The desire to meet and help others has brought two Wisconsin men to Colorado — on their bicycles.
Dennis Knight, 62, and Dan Haas, 56, are passionate about seeing the country, riding from town to town and meeting people. They are on a 70-day ride that will end in Pueblo.
They’re also passionate about making people more aware of human trafficking, both forced laborers and the human sex trade in Colorado and worldwide.
The two men, who have been friends since childhood, have been on the road since May 27, and they figure they’ve ridden about 1,200 miles, though they really haven’t kept track. The pair rode through Wisconsin and Minnesota, and then zigzagged through Nebraska.
On June 27, they crossed into Colorado, and they’ve made stops in Greeley, Fort Collins, Loveland, Boulder and Golden.
On Sunday night, they stayed in Kittredge. Knight said they met a man at the Kittredge General Store and told him their story, and he invited them to camp in his backyard.
After a few days in the Evergreen-Conifer area, they will be heading to Denver. Haas will return to Wisconsin, and Knight will continue south to Pueblo, where he lived for three years.
Human trafficking issue
Knight and Haas latched onto the human trafficking issue after watching movies and reading books on the topic. Knight says he’s been a radical Christian for 40 years, which moved him to take action.
“I think the Lord opened my mind and heart to this issue,” Knight said. “If you read the Bible, you find that God cares about the helpless and the innocent. You can’t turn a blind eye to people in need.”
Conifer has its own nonprofit called JOY International, which specializes in rescuing trafficked children from the sex trade both in Colorado and worldwide.
Since JOY, which is run by Conifer resident Jeff Brodsky, started rescuing children about seven years ago, several hundred girls have been rescued from brothels in Cambodia, Thailand, India and all over the United States, even in Colorado.
Human trafficking is a $32 billion industry, affecting 161 countries, according to the Polaris Project. An estimated 12.3 million men, women and children are being trafficked as prostitutes or forced labor.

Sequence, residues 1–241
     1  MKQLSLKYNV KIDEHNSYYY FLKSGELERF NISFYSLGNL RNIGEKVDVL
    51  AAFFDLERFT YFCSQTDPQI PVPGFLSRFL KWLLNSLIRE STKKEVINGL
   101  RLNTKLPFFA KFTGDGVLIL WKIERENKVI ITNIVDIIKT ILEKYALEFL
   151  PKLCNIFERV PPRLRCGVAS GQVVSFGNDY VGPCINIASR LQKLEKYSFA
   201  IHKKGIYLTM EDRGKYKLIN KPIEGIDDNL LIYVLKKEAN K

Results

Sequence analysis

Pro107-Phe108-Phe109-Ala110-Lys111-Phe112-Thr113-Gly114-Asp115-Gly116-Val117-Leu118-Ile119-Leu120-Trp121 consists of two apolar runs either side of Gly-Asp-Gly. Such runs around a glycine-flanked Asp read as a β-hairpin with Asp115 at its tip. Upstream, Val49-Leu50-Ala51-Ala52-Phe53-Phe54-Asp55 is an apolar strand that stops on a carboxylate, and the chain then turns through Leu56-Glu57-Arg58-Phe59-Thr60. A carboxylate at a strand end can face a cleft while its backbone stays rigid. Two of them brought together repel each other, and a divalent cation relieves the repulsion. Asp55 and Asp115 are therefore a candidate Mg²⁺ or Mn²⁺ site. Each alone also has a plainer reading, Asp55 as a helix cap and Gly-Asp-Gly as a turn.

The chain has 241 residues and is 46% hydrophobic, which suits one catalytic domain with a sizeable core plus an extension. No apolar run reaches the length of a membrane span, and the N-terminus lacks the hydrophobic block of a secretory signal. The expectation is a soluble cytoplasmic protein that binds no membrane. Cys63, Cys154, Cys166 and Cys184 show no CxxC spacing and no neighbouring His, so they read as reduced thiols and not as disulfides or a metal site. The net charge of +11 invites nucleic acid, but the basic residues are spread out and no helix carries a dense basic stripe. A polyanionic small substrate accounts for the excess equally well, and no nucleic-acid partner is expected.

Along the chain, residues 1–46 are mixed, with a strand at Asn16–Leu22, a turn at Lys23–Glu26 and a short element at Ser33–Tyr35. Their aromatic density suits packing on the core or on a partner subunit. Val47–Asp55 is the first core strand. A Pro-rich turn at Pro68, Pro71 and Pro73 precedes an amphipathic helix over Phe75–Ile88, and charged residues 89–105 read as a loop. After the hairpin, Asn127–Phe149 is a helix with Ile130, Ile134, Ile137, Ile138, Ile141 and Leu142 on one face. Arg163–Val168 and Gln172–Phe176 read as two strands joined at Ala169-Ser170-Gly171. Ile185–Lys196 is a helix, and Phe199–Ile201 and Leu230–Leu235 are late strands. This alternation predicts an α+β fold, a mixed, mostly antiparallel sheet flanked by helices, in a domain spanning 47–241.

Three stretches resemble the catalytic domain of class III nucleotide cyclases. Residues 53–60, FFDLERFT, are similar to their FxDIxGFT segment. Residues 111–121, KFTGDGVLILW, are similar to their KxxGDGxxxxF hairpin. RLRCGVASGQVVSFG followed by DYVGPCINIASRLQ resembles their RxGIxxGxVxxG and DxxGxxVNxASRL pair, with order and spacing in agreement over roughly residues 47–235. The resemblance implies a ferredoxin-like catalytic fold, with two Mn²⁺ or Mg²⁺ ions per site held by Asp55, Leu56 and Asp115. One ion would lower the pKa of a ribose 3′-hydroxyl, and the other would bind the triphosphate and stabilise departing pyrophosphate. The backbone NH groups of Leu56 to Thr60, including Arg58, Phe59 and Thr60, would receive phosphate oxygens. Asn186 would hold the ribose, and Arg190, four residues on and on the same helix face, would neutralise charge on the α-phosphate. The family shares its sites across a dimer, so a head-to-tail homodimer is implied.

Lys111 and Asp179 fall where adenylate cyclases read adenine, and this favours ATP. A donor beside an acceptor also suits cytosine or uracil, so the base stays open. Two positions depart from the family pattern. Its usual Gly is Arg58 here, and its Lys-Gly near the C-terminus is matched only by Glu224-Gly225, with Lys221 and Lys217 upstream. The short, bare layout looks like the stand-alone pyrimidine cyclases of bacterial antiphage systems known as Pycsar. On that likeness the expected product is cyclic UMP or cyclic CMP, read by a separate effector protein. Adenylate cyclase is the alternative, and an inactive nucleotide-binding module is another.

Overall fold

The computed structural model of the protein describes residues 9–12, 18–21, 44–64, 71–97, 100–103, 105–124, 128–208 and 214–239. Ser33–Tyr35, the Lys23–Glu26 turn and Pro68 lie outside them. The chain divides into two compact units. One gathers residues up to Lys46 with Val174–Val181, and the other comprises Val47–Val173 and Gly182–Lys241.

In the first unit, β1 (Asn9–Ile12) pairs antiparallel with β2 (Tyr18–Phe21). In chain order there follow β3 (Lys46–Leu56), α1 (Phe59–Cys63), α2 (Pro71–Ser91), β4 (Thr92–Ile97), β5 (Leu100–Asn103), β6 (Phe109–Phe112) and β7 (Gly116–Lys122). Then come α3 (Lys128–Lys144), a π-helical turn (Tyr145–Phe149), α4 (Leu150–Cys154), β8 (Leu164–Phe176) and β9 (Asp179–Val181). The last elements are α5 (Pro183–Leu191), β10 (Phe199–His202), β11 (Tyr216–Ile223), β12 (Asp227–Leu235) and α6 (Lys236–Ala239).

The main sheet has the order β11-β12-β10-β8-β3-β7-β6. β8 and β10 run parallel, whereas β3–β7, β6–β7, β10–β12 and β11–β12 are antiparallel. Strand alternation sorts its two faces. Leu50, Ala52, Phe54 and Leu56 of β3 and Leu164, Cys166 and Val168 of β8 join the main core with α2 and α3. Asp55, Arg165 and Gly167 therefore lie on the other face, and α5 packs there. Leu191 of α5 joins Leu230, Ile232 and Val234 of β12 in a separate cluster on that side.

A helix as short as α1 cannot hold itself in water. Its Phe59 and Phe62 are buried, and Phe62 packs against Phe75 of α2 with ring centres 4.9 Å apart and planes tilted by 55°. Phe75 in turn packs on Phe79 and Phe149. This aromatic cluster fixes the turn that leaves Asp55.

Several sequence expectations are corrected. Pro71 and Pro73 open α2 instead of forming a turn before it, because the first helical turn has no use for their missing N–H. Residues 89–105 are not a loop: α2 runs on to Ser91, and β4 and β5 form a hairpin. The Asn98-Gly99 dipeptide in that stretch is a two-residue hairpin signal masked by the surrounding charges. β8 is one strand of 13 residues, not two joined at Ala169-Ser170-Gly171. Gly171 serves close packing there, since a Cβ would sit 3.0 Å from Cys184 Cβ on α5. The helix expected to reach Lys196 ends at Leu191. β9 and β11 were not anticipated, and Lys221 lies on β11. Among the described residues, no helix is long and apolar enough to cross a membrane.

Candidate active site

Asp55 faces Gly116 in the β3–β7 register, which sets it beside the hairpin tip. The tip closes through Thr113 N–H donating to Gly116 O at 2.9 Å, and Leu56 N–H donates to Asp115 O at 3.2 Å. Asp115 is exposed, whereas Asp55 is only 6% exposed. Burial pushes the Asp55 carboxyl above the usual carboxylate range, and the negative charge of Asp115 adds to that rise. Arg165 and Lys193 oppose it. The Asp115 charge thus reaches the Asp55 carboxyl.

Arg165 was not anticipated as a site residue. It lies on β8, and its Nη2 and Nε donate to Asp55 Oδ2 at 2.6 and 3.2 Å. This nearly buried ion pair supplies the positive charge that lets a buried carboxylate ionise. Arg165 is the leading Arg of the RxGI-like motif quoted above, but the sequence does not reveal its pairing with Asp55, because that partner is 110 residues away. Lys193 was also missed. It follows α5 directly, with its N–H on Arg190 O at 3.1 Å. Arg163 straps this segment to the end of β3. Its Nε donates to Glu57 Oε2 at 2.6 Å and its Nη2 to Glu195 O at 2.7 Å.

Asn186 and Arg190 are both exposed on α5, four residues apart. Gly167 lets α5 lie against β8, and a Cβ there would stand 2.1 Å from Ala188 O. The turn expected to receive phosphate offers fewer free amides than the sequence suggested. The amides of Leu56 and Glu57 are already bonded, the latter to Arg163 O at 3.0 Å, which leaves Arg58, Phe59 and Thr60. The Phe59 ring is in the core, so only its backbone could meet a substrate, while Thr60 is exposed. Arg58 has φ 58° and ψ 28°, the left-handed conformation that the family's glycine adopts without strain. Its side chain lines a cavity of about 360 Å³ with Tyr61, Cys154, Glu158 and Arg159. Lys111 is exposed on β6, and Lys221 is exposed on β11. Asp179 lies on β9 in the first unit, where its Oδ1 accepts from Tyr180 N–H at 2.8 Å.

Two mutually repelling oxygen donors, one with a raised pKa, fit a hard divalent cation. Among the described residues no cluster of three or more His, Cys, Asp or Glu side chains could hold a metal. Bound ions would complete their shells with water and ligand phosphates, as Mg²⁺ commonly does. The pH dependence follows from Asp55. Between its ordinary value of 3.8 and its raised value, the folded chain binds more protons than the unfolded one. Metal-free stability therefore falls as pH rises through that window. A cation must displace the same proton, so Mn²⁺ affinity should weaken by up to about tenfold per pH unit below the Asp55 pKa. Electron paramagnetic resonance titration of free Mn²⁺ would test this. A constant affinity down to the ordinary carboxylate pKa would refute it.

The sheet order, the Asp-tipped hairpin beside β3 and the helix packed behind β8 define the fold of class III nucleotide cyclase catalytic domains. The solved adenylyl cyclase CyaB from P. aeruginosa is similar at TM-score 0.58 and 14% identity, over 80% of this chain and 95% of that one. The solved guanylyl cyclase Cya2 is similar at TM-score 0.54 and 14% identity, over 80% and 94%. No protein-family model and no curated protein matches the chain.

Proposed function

“Human trafficking sounds so nebulous,” Knight said, “but it’s really a problem. These people are invisible, and they are forced to work or into prostitution against their will. We need to make the American public more aware.”
Knight believes the public is in denial about the issue, choosing to ignore it because it’s in the shadows.
Knight says the trip won’t end his involvement with the human trafficking issue. Ultimately, he’d like to open safe houses in the Milwaukee area for people who have been rescued. He says people who are rescued sometimes go back to their former lives because they have nowhere else to turn.
The two men — with about 50 pounds of gear each — ride about five hours a day, or between 20 and 60 miles, depending upon the weather, the road conditions and other factors.
“One of the worst days,” Knight said, “we were in Nebraska with 15 to 18 mph headwinds. But you just keep going. At the end of the day, you put up your tent and recuperate. And you do it again the next day.”
They both have lost weight and are in better physical shape, thanks to the trip.
“We’ve gotten used to riding,” Knight said, “so that’s what we do.”
They say that three-fourths of the trip is about the ride, while the remainder is about raising awareness. They have tried to get stories in newspapers in North Platte, Neb., Greeley, Fort Morgan and Loveland before stopping at the High Timber Times.
They have been anything but lonely on the trip, chatting with each other about a variety of topics along the way, and then meeting people in the towns where they stop each evening.
“Every day, it’s just the next town,” Knight said.